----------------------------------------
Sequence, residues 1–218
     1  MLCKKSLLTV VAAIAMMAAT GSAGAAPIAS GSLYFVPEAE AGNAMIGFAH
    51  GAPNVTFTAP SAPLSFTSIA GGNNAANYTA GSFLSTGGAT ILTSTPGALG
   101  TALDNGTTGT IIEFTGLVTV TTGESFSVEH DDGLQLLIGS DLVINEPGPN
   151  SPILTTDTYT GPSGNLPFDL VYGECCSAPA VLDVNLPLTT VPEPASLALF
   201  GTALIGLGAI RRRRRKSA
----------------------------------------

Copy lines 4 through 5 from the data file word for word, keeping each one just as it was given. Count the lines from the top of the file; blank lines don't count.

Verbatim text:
   101  TALDNGTTGT IIEFTGLVTV TTGESFSVEH DDGLQLLIGS DLVINEPGPN
   151  SPILTTDTYT GPSGNLPFDL VYGECCSAPA VLDVNLPLTT VPEPASLALF